Monday, June 1, 2020

Fiscal team details plan of action to restructure Puerto Rico debt

By on February 9, 2017

SAN JUAN – In Gov. Ricardo Rosselló‘s administration, the first order of business is to present its fiscal plan, make Puerto Rico’s finances more visible, and establish a protocol to prioritize disbursements. It also assured it will be an “open book” during the public debt’s restructuring process.

“All [these steps] are important for negotiations in good faith [with creditors],” explained Puerto Rico Fiscal Agency and Financial Advisory Authority (Fafaa) Director Gerardo Portela during the 2017 Government Caucus organized by the Puerto Rico Manufacturers Association (PRMA).

As part of the “Perspectives and Agenda on the Debt” panel, the Fafaa official and the governor’s representative before the Fiscal Oversight & Management Board, Elías Sánchez, emphasized the importance of validating the government’s numbers, which were last audited time in fiscal year 2014.

See also: Fiscal control board is ‘unfocused,’ Elías Sánchez says

“The dates imposed by the board [to present the fiscal plans] are very aggressive. Is it realistic to present a 10-year fiscal plan—with the macroeconomic impacts it entails—in 28 days? Perhaps it isn’t the best timetable. Does this process without audited statements for 2015 and 2016 have credibility? That is a good question,” Sánchez said during the panel.

However, the official added that the administration will publish the pending audited states as soon as possible, while it works “hand in hand with the board” to obtain accurate numbers that will allow the government to achieve consensual agreements with its creditors.

Meanwhile, Government Development Bank (GDB) President Christian Sobrino assured that the entity is looking for ways to stabilize and maximize the institution’s value, identifying a consistent and realistic cash flow for the bank, within the central government’s fiscal framework.

Reacting to those who say the GDB “should close now,” Sobrino warned that such a decision can’t be made “in a week” because that would entail millions of dollars in losses for both the government and the bank’s creditors.

For his part, former GDB president and leader of creditor group ‘Bonistas del Patio’ Jorge Irizarry emphasized the importance of taking into consideration the more than 60,000 Puerto Rico residents who invested in the island’s bonds.

Irizarry said that, unlike other creditors, members of Bonistas del Patio “put their entire savings in this [Puerto Rico’s bonds],” and they have been “losing capital” since 2008.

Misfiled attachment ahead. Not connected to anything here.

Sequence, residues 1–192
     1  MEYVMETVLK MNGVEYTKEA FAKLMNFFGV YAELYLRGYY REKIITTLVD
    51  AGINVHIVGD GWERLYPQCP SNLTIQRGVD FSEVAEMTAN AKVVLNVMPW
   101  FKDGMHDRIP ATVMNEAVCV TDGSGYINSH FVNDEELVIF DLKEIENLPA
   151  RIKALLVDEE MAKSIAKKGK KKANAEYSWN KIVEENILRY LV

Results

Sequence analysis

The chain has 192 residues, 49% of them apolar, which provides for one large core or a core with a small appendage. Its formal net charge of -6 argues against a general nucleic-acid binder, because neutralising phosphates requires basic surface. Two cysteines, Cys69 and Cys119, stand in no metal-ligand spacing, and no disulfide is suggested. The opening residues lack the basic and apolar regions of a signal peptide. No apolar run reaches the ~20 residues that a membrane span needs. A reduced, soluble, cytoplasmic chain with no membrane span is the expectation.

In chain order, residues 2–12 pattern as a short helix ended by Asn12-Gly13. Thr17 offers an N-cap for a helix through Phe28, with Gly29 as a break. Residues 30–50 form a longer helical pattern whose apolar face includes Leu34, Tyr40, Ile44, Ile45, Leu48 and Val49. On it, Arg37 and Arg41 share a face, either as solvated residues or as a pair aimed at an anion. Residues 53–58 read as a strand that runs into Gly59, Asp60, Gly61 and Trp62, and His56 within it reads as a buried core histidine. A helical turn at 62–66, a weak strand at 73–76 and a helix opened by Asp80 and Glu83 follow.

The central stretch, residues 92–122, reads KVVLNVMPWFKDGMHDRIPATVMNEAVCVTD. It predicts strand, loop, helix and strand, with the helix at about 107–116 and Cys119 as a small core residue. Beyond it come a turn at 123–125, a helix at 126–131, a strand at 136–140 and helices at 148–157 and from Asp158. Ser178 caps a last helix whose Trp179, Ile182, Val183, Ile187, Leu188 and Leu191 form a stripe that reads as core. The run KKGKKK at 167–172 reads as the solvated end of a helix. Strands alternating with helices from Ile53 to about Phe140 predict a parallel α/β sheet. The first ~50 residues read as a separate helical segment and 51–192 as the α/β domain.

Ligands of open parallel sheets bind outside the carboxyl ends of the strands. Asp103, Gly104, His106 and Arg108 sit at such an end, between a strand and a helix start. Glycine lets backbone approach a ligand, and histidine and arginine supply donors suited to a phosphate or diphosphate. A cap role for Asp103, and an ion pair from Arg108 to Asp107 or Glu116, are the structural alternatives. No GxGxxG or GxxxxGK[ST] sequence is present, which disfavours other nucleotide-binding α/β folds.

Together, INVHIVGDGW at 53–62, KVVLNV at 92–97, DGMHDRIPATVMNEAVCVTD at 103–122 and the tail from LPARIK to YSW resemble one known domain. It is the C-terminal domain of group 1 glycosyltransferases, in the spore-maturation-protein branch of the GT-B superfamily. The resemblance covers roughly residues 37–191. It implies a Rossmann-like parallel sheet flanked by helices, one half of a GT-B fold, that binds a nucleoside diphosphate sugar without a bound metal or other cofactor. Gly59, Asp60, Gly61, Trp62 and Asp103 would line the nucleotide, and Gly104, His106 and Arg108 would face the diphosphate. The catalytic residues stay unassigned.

Meanwhile, Latin American Business Council director and former GDB President Lizzie Rosso also called for the incorporation of the private sector in the debt’s restructuring, and for the government to take concrete steps to tackle what she called a “trust crisis.”

“Trust is earned with actions not promises,” Rosso said, adding that before reaching an agreement with creditors, the government must restructure its operations.

For his part, Sánchez, said the former administration’s management of liquidity “damaged our credibility” with creditors and, therefore, the government’s possibilities to achieve consensual agreements.

“I have cataloged it as a great Ponzi scheme the government of Puerto Rico was running to, artificially, hide reality,” the representative to the board said, adding, “We won’t fail you. You will have the information and we will be an open book, and negotiations will be transparent, so we can achieve consensual agreements.”

Meanwhile, Portela spoke about Fafaa’s immediate goals, as well as recently approved laws and executive orders “that implement fiscal responsibility in a long-lasting, expeditious and sustainable way.” He reminded that meetings with creditors have already begun, although “preliminarily.”

During his presentation, the Fafaa official also detailed the steps taken toward stabilization– including a short-term liquidity plan, control, procurement and payments–among which are found having defined the essential services and zero-based budgeting; execution of the fiscal plan; and the administration’s monitoring to straighten out the island’s fiscal path.

Portela highlighted Fafaa’s new organic law, signed by Rosselló, which bestows more faculties to the fiscal entity to ensure the government’s compliance with the budget and certified fiscal plan, as well as negotiating on behalf of the government.

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